- Mounting concern about civilians, protection.
- Russia's worst humanitarian crisis since 1995.
- Relief operation gathers momentum.
Very little information is available on the humanitarian situation inside of Chechnya. Tens of thousands of people are believed to be trapped in Grozny and other areas under heavy Russian bombardment. Many are hiding in cellars without electricity and adequate supply of food and water.
It is extremely difficult to give a precise figure of civilians remaining in Chechnya. The last population census, carried out in Soviet times (1989), put the population of the republic at one million. But most experts in Russia agree that no more than 400,000 people remained in Chechnya at the onset of this latest round of fighting, after hundreds of thousands had already left during and after the 1994-95 Chechnya war. This means that most of Chechnya's remaining civilian population has now fled and only about 150,000 people remain inside the republic today. Some reports put the number of people remaining in Grozny at 50,000.
RUSSIA'S WORST HUMANITARIAN CRISIS SINCE 1995
The Russian military offensive against Chechen rebels has driven a quarter million people into the neighbouring republics, since the fighting erupted last September. This has caused Russia's worst humanitarian crisis since the 1994-95 war in Chechnya. Ingushetia, which now hosts more than 230,000 people, is worst affected. A UNHCR-led relief operation has been marred by logistical difficulties, red tape, and an extremely difficult security situation in all of the Northern Caucasus. The Ingush authorities struggle to accommodate those displaced from Chechnya. Most live with host families but more than 20,000 people live in tents and railway cars, braving harsh winter conditions.
RELIEF OPERATION GATHERS MOMEMTUM
Since last September, UNHCR has sent more than 1800 tons of food and 700 tons of tents, blankets, wood stoves and other winter supplies, primarily to Ingushetia, but also to North Ossetia and Dagestan. The aid operation intensified after Ogata visited Russia in late November.
UNHCR has since boosted its staff in Stavropol - the logistical base for relief operations in the Northern Caucasus. More international staff have been deployed in Stavropol on stand-by for deployment in Ingushetia and North Ossetia. Their possible deployment is linked to adequate security guarantees from Russia. Other UN agencies also started deploying staff in Stavropol. A World Health Organisation official arrived in Stavropol on Monday. UNHCR is co-ordinating the aid operation with other UN agencies and the ICRC.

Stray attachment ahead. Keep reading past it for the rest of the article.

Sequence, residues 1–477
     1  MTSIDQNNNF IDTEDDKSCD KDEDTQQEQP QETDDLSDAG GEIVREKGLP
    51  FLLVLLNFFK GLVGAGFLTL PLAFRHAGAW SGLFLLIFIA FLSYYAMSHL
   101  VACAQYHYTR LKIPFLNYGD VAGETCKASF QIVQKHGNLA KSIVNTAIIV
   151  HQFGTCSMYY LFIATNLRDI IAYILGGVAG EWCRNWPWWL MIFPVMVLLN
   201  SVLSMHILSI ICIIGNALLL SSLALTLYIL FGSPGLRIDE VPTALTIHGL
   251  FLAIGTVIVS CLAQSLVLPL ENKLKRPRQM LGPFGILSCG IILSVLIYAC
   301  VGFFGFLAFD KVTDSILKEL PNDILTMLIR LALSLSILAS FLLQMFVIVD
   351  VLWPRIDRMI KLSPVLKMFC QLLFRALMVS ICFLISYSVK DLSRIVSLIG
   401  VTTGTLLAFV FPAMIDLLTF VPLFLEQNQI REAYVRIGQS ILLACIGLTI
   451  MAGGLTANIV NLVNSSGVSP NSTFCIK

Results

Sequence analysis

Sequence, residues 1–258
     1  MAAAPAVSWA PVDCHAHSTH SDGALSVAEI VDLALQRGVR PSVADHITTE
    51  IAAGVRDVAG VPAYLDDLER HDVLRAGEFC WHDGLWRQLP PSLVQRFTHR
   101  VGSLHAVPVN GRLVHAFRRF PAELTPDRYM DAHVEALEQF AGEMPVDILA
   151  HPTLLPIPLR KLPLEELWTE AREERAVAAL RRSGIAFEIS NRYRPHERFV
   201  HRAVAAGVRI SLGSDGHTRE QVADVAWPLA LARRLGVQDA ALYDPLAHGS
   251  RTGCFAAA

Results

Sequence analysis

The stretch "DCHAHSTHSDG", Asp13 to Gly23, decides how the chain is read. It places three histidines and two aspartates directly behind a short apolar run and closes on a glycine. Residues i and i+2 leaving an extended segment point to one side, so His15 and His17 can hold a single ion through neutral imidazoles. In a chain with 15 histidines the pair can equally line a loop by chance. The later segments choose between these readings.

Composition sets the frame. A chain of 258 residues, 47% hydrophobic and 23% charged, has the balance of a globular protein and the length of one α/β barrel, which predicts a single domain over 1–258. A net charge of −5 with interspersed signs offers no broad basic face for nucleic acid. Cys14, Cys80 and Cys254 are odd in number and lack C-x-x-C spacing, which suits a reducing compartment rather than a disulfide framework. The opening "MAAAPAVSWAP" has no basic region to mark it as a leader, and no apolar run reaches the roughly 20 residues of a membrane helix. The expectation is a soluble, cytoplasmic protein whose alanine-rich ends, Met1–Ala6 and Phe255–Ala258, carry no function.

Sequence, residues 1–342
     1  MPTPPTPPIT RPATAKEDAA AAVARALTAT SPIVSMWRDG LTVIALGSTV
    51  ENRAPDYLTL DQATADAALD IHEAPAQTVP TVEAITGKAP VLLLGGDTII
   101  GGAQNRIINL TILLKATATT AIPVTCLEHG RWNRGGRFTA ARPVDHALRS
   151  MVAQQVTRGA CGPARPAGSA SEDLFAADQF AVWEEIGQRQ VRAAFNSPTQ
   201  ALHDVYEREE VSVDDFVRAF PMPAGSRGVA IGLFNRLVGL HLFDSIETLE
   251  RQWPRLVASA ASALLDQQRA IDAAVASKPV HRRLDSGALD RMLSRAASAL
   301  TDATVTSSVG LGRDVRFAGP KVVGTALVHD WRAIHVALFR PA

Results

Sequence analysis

UNHCR has had no international staff in the Northern Caucasus since the 1998 kidnapping of UNHCR's official in North Ossetia who was held for more than ten months before being released by Russian commandos. At the moment, a handful of local UNHCR local staff keep the operations in the Northern Caucasus running.
During the telephone conversation with Russian Minister Shoigu on Monday, the High Commissioner was told that the Russians would enhance security in the Northern Caucasus to enable UNHCR international staff to work in the area in reasonable safety. The Russian Foreign Ministry told UNHCR that Russia's prime minister has already signed two executive orders on the security improvement and tax exemptions (VAT). The details of the new security arrangements and tax exemption were no immediately clear. The Russians said they would also open airports in Vladikavkaz and Makhachkala to international aid flights.
Following the High Commissioner's trip to Russia on the Secretary-General's behalf and subsequent discussions between the Secretary-General and heads of U.N. humanitarian agencies in Geneva, the U.N. last month launched a joint emergency funding appeal for $16,187,000, with UNHCR asking for the largest share - $8,300,000. Out of that amount, more than $2,000,000 has already been spent or committed.
This document is intended for public information purposes only. It is not an official UN document.